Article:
If you can be normal with people who have higher status than you just as well as you can with people in a lower position, is a sign of high social intelligence.

Photographic whole

The strength of the chain is decided by its weakest link. I think the same applies to photography: you’re only as good as your weakest image.

Each image of mine is independent, although each image serves to form a whole. Therefore, I do not have one photograph that makes more impression than the others.

Lu Nan

How many bands have made one-hit wonders and then disappear as quickly as they appeared? How many bands have put out good work consistently over decades and remained relevant?

Lu Nan, 1995 (Magnum Photos)

When Martine Franck made her first famous photo in Nepal, Koudelka told her that if she makes ten more similarly worthy photographs, then she can be considered to be a great photographer. As we know, Martine made many great photos after that.

This is why Magnum photographers are the cream of the crop photographers. They put out amazing images consistently. They don’t depend on one or a few good images.

Use black and white to express a certain mood

There’s something unexplainable in black and white photography that makes it very different from color. Note: not better but different!

Lu Nan, 1989 (Magnum Photos)

I believe both black & white and color photography can produce good works. I choose to shoot in black & white, first because of my subject – most of them are in black, grey & white tone; another reason is that black & white photographs can express serious and deep thoughts better.

Lu Nan

I’m personally also drawn to black and white grim images. I’ve always liked the deepness and darkness in art.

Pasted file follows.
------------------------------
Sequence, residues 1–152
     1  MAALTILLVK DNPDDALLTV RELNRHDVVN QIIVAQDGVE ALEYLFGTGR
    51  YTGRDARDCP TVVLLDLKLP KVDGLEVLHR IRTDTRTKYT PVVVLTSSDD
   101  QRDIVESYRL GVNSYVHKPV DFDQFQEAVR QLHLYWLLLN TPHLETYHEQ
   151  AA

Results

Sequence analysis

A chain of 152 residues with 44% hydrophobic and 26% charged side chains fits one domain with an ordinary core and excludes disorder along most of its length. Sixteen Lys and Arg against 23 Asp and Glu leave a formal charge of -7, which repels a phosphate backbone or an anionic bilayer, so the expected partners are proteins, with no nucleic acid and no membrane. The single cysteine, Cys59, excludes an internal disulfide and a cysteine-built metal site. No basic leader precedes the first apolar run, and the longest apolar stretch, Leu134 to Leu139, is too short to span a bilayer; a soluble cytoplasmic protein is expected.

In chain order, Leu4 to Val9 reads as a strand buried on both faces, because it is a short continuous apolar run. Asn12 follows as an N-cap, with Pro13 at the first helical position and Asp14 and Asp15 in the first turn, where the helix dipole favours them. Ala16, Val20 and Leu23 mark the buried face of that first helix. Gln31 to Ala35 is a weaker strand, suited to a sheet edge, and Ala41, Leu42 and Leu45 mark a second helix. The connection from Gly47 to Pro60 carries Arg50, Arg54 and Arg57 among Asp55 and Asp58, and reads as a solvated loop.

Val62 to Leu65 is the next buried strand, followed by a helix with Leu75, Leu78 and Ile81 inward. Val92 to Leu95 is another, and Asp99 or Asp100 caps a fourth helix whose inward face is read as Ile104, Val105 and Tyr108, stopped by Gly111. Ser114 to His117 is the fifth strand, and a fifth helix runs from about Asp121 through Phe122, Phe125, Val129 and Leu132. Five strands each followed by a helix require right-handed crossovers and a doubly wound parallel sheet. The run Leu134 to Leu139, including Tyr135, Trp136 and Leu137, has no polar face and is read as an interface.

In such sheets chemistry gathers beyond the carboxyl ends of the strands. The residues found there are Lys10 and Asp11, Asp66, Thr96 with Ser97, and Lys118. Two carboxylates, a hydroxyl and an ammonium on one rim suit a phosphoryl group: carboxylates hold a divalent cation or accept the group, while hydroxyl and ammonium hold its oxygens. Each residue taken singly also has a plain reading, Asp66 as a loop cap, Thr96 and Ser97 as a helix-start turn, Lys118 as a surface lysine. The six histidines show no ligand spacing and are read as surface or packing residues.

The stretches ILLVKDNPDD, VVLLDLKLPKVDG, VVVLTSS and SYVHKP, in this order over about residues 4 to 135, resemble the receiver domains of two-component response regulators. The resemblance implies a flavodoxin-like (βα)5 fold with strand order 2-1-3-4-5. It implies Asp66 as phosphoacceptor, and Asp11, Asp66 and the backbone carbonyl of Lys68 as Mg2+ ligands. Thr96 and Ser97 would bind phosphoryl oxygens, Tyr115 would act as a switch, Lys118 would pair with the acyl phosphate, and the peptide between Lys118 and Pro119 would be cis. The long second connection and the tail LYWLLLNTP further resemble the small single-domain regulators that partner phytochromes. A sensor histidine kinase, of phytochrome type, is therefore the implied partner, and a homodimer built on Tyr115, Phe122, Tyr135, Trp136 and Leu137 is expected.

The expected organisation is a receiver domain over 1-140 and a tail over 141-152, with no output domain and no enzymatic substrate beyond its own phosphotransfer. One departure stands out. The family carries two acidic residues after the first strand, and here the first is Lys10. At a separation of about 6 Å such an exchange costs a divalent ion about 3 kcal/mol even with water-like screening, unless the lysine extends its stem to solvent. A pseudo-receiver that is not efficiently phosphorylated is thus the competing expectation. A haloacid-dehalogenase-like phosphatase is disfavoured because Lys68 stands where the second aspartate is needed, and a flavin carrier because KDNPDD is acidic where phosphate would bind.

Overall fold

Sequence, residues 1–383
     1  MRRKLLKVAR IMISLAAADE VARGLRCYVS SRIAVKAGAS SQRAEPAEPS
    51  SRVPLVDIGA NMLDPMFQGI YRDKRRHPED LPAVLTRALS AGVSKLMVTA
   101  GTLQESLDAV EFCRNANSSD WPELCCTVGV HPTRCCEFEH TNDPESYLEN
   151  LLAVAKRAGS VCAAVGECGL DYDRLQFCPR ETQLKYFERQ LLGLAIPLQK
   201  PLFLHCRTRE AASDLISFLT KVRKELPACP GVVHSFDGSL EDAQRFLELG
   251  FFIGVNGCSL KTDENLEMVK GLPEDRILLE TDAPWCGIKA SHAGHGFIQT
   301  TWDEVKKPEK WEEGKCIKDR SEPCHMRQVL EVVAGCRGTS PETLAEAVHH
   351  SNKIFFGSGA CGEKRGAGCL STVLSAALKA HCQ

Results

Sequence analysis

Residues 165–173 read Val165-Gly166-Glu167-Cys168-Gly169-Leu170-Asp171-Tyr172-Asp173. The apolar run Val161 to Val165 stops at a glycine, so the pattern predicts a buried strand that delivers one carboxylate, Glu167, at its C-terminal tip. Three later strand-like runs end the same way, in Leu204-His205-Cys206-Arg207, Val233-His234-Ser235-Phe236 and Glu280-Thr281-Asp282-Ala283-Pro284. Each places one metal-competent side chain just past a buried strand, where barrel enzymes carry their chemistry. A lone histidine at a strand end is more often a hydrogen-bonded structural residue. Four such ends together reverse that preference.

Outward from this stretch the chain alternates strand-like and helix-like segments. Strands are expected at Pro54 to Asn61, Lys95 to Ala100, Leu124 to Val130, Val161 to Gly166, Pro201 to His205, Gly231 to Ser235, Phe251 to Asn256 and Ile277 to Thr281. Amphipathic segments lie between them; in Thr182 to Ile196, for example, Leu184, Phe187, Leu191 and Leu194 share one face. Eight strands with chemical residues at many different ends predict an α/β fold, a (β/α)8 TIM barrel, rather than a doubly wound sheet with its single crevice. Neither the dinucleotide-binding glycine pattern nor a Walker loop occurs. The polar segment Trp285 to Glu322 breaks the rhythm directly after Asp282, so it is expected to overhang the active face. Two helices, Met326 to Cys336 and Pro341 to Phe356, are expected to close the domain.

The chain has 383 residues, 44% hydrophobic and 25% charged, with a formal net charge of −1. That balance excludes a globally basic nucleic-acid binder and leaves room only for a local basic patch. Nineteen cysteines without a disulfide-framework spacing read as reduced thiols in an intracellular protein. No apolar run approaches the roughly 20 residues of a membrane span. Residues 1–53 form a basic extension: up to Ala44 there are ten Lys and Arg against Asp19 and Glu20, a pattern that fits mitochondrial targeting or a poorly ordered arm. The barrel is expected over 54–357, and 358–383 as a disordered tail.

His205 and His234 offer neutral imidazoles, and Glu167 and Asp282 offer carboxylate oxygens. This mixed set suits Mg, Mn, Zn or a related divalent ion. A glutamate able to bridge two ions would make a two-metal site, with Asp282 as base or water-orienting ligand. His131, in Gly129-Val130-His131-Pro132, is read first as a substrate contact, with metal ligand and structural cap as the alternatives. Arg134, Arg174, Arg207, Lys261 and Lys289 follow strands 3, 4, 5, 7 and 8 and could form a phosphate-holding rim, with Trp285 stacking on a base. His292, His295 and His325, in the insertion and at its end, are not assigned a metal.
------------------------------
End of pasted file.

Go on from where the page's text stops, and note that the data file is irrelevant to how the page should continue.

Nearly a decade ago, when I was into mixing electronic music, I was also inspired by the chilling deep and dark minimal vibes. The darker, the better.

Although I don’t mix music anymore, the same tendency continues in my photography.

I don’t think using color film would fit Lu Nan’s photographs of the Trilogy at all. Black and white emphasizes what he’s trying to convey. Color would weaken that considerably in my opinion. Pain and sorrow, and black and white go hand in hand.

Of course, that doesn’t mean all black and white photos are about pain and sorrow.

Photography is a study of light

Without light, you don’t have a photograph. Except if you use an infrared flash – which I believe is nevertheless considered to be “light.”

Lu Nan, 1989 (Magnum Photos)

Either way, different light can drastically change the feel of a photograph. Lu Nan is a master in understanding the light, and he creates a series of photos where light touches on people’s faces or where it forms a silhouette.

In order to be a good photographer, it is necessary to have a good understanding of light – and that doesn’t mean to only when is the golden hour.

I you want to know the story behind these and many other great photos, I recommend checking out his Magnum profile page.

KRISTJAN